It took me a while to figure out why there were green frogs in the beans and chard, as my experience could only allow me to associate frogs with water and lily pads. But finally it dawned on me that they were feasting on the insects in the garden, keeping these predator populations in check, while staying sheltered and moist beneath the leafy canopy of these same plants. I never had seen or heard of this before, but here it was…frogs and plants helping each other to survive another day.

Every bird nest here on the farm – bluebird, wren, martin, barn swallow, etc – to some degree is weaved and lined with the long horsehair shed from the manes and tails of our horses Louie, Patrick, and Zips. These same birds spend the day swooping over the pastures eating up the mosquitoes, greenheads, and horse flies that can make grazing impossible for the horses. It has always been easy to see how the birds helped out the horses, yet I had never given thought that the horses traded back. Now I know better!

I could go on with other examples that have given me some surprise, but the point of these two examples is that we are all connected somehow. We live with, and from, the help of each other, whether we are a frog, bee, bird, horse, human, plant, etc. Each day we trade, whether we know it or not. Each day we need to remind ourselves that our trades need to be fair, otherwise our relationships will fall out of balance, and then life will lose its sustainability.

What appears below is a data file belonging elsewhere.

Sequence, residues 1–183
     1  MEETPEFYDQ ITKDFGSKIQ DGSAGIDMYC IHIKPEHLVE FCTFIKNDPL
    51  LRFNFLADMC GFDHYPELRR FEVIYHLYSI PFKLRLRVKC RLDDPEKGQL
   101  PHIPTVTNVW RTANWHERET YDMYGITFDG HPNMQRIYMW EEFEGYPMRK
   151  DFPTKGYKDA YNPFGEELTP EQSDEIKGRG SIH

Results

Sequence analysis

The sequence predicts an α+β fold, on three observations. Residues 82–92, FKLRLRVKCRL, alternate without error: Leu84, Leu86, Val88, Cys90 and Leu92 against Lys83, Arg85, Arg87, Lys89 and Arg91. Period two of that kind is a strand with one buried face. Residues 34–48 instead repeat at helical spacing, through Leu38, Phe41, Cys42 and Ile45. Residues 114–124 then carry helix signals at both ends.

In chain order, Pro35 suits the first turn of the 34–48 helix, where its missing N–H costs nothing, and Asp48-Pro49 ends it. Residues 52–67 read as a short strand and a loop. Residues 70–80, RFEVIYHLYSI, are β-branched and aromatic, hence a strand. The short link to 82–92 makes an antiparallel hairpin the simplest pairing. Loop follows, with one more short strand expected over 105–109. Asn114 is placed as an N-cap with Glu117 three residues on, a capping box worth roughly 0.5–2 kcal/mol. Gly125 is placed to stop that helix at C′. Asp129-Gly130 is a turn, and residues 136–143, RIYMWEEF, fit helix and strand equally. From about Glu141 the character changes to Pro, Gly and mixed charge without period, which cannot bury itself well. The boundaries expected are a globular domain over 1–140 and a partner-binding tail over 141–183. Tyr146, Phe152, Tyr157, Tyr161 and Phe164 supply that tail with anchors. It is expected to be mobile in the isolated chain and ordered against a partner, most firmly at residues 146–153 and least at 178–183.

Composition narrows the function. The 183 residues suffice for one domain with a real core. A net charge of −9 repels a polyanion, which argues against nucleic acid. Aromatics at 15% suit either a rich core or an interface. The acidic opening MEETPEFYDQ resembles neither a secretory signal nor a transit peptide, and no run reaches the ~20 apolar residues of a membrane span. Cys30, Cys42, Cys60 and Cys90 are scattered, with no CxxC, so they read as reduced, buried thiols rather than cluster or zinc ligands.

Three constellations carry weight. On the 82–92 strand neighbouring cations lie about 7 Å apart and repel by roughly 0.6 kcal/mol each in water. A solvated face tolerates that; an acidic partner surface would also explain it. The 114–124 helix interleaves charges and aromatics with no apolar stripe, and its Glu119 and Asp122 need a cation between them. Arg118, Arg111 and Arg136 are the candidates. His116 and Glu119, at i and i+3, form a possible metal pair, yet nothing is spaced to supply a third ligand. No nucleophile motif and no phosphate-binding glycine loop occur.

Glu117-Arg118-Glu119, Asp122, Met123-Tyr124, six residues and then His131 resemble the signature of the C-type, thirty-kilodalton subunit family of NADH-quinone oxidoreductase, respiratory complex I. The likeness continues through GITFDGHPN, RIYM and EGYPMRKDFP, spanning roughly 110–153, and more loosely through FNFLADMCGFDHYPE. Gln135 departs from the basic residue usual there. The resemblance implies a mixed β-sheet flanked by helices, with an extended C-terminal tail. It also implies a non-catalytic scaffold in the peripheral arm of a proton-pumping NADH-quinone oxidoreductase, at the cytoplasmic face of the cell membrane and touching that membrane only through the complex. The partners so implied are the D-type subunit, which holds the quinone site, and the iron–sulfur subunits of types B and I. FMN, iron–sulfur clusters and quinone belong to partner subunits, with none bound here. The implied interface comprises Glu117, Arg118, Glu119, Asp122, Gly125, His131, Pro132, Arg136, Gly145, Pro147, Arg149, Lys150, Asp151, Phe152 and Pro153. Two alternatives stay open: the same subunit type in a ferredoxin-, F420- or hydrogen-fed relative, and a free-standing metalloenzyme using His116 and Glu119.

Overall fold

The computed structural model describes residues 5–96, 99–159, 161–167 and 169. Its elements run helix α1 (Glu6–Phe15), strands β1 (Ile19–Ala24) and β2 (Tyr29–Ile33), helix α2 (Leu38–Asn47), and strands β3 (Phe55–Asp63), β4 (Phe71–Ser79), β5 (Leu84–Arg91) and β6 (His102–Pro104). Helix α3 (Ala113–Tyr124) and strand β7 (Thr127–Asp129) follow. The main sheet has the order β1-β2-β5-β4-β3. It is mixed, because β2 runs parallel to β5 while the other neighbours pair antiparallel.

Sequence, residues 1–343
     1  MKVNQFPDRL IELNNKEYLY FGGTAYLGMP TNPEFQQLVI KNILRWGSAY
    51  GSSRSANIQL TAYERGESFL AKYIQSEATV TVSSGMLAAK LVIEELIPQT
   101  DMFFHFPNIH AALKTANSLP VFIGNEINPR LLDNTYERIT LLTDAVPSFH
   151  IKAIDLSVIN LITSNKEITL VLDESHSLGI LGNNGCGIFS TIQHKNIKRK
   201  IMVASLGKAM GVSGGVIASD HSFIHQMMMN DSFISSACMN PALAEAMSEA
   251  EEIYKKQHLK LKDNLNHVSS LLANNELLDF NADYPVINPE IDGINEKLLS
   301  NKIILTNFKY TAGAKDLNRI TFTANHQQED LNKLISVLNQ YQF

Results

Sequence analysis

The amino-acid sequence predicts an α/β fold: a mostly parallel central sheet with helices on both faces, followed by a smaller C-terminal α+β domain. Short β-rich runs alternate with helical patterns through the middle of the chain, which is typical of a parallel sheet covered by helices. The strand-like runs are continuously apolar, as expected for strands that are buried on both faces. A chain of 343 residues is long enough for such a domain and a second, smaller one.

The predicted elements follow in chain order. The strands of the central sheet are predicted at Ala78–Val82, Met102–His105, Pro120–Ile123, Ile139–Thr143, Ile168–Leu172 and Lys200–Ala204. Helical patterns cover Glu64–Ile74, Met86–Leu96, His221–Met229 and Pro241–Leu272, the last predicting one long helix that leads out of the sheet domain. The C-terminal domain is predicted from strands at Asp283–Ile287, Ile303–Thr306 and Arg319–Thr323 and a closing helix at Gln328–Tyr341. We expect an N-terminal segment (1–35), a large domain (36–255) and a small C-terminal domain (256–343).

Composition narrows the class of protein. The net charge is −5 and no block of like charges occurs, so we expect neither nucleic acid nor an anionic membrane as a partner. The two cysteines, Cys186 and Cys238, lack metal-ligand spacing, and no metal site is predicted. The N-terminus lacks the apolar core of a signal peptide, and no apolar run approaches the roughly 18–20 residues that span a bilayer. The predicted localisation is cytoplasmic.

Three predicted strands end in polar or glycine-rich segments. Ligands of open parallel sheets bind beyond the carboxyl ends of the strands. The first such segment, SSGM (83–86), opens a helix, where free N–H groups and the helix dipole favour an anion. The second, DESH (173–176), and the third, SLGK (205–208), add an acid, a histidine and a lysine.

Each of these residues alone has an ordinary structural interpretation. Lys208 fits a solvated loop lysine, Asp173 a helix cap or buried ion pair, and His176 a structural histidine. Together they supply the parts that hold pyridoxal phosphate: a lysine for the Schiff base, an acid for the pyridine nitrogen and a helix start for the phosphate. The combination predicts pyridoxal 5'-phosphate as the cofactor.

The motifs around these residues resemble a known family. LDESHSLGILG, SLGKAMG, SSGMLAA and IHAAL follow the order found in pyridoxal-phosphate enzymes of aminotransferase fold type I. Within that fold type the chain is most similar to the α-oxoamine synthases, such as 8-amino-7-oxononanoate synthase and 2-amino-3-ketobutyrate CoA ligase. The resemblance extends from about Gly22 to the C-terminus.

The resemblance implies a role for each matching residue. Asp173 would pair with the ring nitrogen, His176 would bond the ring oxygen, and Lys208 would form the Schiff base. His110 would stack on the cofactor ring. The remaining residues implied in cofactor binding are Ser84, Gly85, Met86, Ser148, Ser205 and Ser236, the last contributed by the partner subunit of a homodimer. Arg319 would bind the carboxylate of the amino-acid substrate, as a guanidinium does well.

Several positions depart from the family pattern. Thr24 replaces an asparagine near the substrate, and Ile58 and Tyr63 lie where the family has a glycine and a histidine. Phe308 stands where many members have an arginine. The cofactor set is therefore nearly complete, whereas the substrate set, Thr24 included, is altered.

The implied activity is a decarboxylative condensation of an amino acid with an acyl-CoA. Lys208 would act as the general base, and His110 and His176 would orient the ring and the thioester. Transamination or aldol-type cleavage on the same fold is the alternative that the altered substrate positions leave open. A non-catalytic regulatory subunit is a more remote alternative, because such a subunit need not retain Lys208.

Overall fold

Sunday, July 26, 2009

July 26, 2009

It is a very quiet Sunday morning – not a whole lot stirring. It’s the way I think Sundays should be. I think that we do not get enough down time. We’ve created a social lifestyle that does not allow for much rest or reflection. I don’t think that it’s good for us at all. Sometimes we need to stop long enough to just listen to our own breathing. Just long enough to pull us back to the reality that we are a living being, and that we don’t always need to let ourselves be chased by time, that we can live in the wholeness of a moment – moment after moment.

In a bit I will be getting shares together to distribute to the CSA members, and then leave for Connecticut to see my daughter who is doing a summer internship at a theatre along the Connecticut River.